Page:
Historical markers about Black Georgians shot, vandalized

Markers in South Georgia paid tribute to Jackie Robinson and lynching victim Mary Turner.

Credit: The Georgia Historical Society

Credit: The Georgia Historical Society

Historical markers dedicated to Black Georgians have come under fire, culminating last week in the shooting of a marker for baseball legend Jackie Robinson in his hometown of Cairo, Georgia.

It was one in a series of incidents, including the desecration of a marker about the brutal lynching of a pregnant Black woman in 1918, and this recent increase of vandalism has historians — and descendants of lynching victims — concerned.

The signs are part of the Georgia Historical Society’s Civil Rights Trail series: 44 markers recognizing significant people, events and places that shaped the state.

Typically, such markers, while informative, might seem like a benign presence on the landscape. But given the volatile racial climate and political rhetoric of the past few years, some people worry the incidents involving the Black history markers — though a relative handful — signal entrenchment of racial intolerance and denial of history, observers said. They also say it’s particularly concerning that guns were used to damage the markers.

“It’s hard to imagine that it’s just a coincidence,” said Todd Groce, president and CEO of the Georgia Historical Society. “It’s either these markers have struck a nerve with people [in a way] that contradicts something that they’ve been taught in the past, or something’s happening in society that has triggered this kind of violent reaction.”

Credit: The Georgia Historical Society

Credit: The Georgia Historical Society

It is not uncommon for historical markers to be damaged by falling trees, car crashes or other accidents, Groce said. But of the more than 300 historical markers sponsored by the Georgia Historical Society since 1998, only those relating to Black history have been damaged by gunfire, Groce said.

“We hadn’t seen any kind of vandalism like this,” said Groce of the shootings.

“We’d never see it again”

The marker recognizing Robinson’s birthplace, along Hadley Ferry Road in Cairo, stood relatively unscathed since it was installed in 2001, said Groce. It tells the story of how Robinson went from the small town in South Georgia and became one of the most celebrated baseball players and civil rights figures in history —going from the Negro Leagues to becoming the first Black player to integrate Major League Baseball.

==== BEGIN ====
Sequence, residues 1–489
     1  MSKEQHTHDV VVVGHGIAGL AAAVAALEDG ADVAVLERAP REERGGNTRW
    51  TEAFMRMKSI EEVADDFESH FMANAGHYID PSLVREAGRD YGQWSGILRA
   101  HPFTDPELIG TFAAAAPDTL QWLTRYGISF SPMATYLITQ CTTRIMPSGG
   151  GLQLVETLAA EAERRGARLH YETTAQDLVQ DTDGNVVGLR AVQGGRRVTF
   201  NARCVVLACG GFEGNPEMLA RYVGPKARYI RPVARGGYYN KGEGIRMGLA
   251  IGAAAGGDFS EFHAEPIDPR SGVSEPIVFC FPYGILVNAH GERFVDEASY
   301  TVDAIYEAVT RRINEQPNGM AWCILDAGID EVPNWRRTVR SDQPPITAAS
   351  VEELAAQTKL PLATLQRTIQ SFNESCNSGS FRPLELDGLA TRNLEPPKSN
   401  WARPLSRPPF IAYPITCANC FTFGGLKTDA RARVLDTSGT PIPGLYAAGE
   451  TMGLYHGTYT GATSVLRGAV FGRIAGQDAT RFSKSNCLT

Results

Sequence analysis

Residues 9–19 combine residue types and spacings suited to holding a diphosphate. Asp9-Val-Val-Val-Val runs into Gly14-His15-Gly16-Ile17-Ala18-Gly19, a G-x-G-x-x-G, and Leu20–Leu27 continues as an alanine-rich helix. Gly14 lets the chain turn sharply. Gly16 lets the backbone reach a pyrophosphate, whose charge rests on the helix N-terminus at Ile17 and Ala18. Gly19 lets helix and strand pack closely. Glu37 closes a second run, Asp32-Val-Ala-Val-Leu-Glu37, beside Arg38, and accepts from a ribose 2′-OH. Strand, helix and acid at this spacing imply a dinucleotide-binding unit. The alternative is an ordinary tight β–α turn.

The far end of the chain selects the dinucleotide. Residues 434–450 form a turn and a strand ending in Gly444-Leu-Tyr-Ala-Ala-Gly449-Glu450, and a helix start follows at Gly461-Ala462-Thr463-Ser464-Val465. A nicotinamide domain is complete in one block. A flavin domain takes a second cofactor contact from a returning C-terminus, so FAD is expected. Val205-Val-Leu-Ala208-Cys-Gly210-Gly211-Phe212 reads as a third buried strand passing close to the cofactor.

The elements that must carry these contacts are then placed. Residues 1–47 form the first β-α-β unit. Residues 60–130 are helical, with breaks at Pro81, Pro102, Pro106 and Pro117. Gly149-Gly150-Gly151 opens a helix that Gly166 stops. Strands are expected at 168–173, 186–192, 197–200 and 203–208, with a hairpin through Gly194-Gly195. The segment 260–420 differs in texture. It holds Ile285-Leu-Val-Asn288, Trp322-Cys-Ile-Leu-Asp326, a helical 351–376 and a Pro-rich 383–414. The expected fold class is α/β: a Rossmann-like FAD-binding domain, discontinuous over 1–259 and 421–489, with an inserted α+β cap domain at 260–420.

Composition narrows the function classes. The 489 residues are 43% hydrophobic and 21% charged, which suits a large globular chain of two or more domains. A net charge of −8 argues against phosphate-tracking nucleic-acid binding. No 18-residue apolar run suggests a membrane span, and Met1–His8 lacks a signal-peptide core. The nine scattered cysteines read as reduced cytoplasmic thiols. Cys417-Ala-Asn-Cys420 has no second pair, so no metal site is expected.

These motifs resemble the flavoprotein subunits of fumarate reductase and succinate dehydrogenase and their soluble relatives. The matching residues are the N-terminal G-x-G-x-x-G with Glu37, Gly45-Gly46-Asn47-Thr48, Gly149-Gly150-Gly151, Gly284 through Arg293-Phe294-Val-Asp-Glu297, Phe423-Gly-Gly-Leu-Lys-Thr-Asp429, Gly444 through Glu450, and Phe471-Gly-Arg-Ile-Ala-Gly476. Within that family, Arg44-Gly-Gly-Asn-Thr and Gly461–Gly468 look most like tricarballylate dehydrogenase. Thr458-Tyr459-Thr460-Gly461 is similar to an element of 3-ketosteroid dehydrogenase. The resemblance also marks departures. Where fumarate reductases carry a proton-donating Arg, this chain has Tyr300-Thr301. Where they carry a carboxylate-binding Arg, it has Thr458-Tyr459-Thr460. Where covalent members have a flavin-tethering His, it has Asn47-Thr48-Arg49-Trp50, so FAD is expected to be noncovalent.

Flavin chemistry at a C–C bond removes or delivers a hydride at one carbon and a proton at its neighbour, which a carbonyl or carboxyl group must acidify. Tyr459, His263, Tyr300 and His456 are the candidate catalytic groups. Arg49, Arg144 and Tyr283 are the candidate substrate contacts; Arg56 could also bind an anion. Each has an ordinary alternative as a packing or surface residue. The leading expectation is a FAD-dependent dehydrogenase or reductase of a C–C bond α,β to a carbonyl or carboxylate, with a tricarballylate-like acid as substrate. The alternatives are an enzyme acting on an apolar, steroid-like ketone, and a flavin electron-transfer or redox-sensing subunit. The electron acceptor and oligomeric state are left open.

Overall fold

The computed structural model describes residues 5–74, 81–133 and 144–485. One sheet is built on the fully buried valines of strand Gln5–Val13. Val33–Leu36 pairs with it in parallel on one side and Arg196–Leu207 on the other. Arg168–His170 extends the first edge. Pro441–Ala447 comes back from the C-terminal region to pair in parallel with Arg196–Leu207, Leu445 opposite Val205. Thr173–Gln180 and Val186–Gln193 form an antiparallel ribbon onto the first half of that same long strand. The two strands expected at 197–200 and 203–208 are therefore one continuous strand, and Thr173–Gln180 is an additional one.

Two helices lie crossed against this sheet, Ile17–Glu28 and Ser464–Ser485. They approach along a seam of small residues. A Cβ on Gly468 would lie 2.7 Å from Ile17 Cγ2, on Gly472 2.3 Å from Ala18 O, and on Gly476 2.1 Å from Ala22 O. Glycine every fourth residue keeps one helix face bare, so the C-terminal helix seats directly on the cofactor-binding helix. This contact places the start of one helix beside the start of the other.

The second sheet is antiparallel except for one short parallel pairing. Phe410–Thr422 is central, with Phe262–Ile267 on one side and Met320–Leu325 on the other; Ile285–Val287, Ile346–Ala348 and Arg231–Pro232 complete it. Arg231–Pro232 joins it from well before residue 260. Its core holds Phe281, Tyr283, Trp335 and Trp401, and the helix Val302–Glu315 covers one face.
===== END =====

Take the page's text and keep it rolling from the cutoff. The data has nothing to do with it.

Last week, a tipster called the Georgia Historical Society saying the sign had been shot. The historical society sent a staff member to take pictures of the damage and report it to the Grady County Sheriff’s Office. Pellets from what may have been a shotgun blast left deep pocks in the large, cast aluminum sign. Deep burrows clustered around several words including “Negro-American” and “baseball’s color barrier.”

A Grady County Sheriff’s Office spokesperson said on Friday that the case is assigned to an investigator, but could provide no further information.

This comes five months after a marker near Valdosta that’s dedicated to the memory of Mary Turner was removed late last year because of extreme vandalism. Controversial in and around Lowndes County when it was installed in 2010, the sign was repeatedly shot in recent years. Some rounds were so powerful they went through the aluminum.

Erected after a campaign led by Turner’s descendants, a group of concerned residents, and Valdosta State University professors and students calling themselves the Mary Turner Project, the marker told the story of the 1918 lynching that left Turner — who was eight-months pregnant — and about 10 others dead.

Credit: The Mary Turner Project

Credit: The Mary Turner Project

Turner’s family and Mark George, who runs the Mary Turner Project, said the damaged sign — which at the time cost about $3,000 — should remain in its remote location near the spot where Turner was lynched, along the banks of the Little River, despite the absence of surveillance cameras in the area.

“We said no, we didn’t want to replace it because this is a testament to what happened back then — and what’s happening now,” said George, who previously taught at Valdosta State and Georgia State universities.

But last fall, George discovered the heavy aluminum marker had been deliberately and severely cracked in an attempt to dislodge it.

“We knew if it broke free, we’d never see it again,” George said.